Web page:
“When you get into the larger aircraft it becomes like a hotel, with dozens of staff supporting the plane based in a galley area down below. You have very comprehensive cooking facilities, and on larger aircraft we have looked at theatres, with spiral staircases and a Steinway grand piano. The limitations for what you can put inside a plane are pretty much the limits of physics, and even money cannot always overcome that. Even so, people are still always trying to push [the limits]. ”
Understanding Your Choices
Like home shoppers, private air travelers have only two main options-renting and buying. The numerous other alternatives are just variations on these basic choices, but, oh my, how the marketers of business aviation try to convince consumers otherwise.
To be fair, the tweaking of options is often in response to the marketplace and frequently results in good opportunities for consumers. But buyers must never forget that the devil is always lurking in the details.
The table on page 8 outlines the main offerings available to private air travelers. Here's a closer look.
Basic charter is similar to renting a hotel room or house for a short time. Block or volume charter is akin to negotiating a discount when reserving a large block of hotel rooms or one room at a fixed time every month. Fractional ownership is like buying a timeshare in a vacation home. Ownership of an aircraft, by oneself or in partnership with others, is similar to owning a house. Leasing an aircraft, new or used, is like renting a house for an extended period.
Having a company manage your owned or leased airplane is akin to paying an agent to take care of everything to do with your property-from hiring and paying the staff to repairing the furnace to maintaining the garden. Allowing an aircraft management company to charter out your airplane is analogous to having a property manager rent your house to others when you aren't using it.
The only private aviation option that defies comparison to real estate is the so-called jet card. This is a charter deal that's similar in use to a prepaid telephone or debit card, though with a much larger minimum payment.
Among this year's trends is one exemplified by two of the major business aircraft manufacturers-Bombardier and Cessna. Both have arrived at a point where they're not only selling and supporting their aircraft product lines, but are also providing a full range of private-travel options to consumers. While their paths to this destination were different-and are stories in themselves-the outcomes are strikingly similar.
Bombardier, via its Flexjet subsidiary, today offers charter, block charter, jet cards, fractional ownership and aircraft management of your owned airplane, which the company will also charter out if you wish. And yes, Bombardier is still happy to sell or lease to you a new or used airplane, which you may fly away to your own hangar on your home airport and operate with your own flight and ground crews. And the company will help you arrange financing, take your current airplane in trade and maintain your new one under warranty at its factory and authorized service centers.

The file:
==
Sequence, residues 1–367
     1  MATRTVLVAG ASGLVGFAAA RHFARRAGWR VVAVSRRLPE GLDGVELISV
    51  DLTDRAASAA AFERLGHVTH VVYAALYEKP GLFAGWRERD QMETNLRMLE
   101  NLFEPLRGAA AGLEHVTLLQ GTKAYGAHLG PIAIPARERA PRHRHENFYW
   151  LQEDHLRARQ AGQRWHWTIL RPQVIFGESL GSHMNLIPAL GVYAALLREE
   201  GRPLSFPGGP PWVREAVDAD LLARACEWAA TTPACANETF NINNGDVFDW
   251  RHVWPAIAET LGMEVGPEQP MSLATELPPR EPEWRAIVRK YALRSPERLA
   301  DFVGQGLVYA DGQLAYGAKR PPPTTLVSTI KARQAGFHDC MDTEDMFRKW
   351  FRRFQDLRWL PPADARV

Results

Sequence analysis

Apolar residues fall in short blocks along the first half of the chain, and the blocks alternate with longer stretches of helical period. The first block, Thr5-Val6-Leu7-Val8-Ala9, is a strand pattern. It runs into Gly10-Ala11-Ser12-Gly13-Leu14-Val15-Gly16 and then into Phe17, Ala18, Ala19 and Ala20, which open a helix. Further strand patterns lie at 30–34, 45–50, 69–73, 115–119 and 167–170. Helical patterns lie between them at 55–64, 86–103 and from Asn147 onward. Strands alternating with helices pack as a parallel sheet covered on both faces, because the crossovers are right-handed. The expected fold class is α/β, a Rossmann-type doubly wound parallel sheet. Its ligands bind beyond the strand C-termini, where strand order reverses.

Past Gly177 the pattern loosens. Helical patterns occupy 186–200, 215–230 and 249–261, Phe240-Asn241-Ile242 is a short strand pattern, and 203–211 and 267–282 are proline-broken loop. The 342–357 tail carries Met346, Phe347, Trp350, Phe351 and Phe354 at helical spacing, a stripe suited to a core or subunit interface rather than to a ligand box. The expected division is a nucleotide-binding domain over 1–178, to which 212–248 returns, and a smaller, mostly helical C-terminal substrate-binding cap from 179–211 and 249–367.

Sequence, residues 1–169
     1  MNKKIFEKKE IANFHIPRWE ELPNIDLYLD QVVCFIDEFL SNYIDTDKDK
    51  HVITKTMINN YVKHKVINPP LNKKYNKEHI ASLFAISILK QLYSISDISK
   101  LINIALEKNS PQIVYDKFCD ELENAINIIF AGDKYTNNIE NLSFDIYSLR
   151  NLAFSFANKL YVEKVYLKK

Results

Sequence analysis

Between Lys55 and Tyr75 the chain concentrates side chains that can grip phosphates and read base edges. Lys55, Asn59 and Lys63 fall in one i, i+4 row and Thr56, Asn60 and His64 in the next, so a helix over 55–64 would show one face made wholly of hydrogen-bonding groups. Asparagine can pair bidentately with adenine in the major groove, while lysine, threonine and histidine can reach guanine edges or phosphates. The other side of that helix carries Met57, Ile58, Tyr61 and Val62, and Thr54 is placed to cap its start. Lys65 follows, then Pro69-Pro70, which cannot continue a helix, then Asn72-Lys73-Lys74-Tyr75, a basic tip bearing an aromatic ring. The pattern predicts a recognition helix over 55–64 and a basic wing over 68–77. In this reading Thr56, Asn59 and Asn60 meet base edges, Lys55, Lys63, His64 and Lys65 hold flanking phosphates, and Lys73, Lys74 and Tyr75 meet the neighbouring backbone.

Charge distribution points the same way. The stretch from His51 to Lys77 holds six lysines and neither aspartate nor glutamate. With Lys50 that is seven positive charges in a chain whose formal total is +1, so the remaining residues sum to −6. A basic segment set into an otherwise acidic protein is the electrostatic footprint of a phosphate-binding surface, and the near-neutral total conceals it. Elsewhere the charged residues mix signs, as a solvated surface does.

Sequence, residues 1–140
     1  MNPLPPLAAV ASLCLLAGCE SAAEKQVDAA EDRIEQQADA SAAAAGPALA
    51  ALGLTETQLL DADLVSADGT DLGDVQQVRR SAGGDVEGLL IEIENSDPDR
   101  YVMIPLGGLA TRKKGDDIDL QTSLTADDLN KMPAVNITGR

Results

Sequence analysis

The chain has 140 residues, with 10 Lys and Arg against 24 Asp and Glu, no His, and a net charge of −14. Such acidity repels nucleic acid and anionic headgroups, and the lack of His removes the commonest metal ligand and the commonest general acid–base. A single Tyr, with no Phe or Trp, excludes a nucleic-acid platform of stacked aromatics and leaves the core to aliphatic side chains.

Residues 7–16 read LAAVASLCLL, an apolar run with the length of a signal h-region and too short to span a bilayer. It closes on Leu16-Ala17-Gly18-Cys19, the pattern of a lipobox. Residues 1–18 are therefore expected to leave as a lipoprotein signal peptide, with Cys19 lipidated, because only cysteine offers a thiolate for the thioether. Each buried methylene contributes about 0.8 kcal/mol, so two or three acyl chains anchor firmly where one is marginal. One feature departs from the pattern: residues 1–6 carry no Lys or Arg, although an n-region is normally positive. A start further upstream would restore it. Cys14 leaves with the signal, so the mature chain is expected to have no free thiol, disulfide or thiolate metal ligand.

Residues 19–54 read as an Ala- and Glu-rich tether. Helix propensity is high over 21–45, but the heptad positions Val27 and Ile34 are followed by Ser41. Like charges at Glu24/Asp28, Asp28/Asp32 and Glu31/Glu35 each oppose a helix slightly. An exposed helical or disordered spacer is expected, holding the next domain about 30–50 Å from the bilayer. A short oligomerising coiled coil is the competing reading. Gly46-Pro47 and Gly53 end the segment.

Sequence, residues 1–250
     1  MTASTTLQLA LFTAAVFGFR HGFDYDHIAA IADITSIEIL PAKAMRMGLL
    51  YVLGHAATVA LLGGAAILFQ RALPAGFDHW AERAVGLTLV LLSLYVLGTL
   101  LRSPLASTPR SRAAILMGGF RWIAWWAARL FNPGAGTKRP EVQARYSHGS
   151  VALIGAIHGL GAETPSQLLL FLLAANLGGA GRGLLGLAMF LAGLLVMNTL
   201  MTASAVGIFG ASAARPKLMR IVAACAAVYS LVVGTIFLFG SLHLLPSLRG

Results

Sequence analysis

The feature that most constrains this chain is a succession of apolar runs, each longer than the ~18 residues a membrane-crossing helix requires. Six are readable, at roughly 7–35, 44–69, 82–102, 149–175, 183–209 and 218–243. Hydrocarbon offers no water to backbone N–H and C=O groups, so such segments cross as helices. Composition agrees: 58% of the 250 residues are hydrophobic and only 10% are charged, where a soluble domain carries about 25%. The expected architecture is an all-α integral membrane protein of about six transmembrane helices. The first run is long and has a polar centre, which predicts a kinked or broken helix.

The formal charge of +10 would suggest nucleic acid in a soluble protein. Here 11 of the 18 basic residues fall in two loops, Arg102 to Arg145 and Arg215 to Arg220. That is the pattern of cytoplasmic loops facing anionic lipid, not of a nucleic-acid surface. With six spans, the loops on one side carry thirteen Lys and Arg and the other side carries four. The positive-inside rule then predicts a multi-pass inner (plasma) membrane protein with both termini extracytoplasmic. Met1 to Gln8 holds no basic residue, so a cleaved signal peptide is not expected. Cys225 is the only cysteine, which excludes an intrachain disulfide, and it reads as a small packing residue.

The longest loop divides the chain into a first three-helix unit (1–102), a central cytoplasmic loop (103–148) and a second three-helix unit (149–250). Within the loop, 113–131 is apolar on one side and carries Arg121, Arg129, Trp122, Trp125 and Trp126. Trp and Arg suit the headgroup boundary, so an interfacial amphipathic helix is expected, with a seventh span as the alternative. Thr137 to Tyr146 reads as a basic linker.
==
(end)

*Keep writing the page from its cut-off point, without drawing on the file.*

Cessna Aircraft, via its CitationAir division, is doing the same thing. Besides some program details (remember the devil?), the major differences are the aircraft models offered. Each manufacturer deals only in its own aircraft (although both will, of course, take in trade and resell used airplanes built by other companies).
No other business aircraft manufacturers provide all these user options. Hawker Beechcraft actually did feature such offerings a while ago, when it was part of Raytheon Company, but it ended up selling its fractional (Flight Options) and charter and management businesses.
Dassault Falcon has a small charter operation based at Le Bourget Airport in Paris, but its Web site link for "Fractional Ownership" goes to NetJets, which operates jets from other manufacturers as well as some Falcons.
Neither Gulfstream nor Embraer offer consumer options. However, General Dynamics, which owns Gulfstream, in 2008 bought Jet Aviation, which does manage and charter aircraft, though these two businesses remain separate entities under the parent company.
It's too early to judge whether the "old country buffet" approach will work for Bombardier and Cessna. Both of their product lines do lend themselves to the concept, however. Gulfstream's and Dassault Falcon's lines, which lack entry-level and light jets, would appear not to. Embraer's budding and expanding roster of jets could eventually embrace the concept and, given the company's stated goal of becoming a major player in the market, there's no telling what might emerge.
An interesting coda to the jet manufacturers' stories is the situation with two major business turboprop companies-Italy's Piaggio and Switzerland's Pilatus. Neither offers consumer options. However, separate, non-manufacturer fractional operators devoted solely to their products are doing well. These are Avantair, which flies only the Piaggio Avanti twin-engine turboprop, and PlaneSense, which features only the Pilatus PC-12 single-engine turboprop. In fact, these two fractional providers have fared better in the current economy than the ones dealing in jet aircraft.
NetJets, which is the king of fractionals and not affiliated with any single manufacturer, faces well-publicized problems, but new management seems intent on cutting costs to levels that will turn the company around. Gone or at least much less firm than in past years, however, are the blockbuster aircraft orders that NetJets had with Cessna, Dassault Falcon and Gulfstream.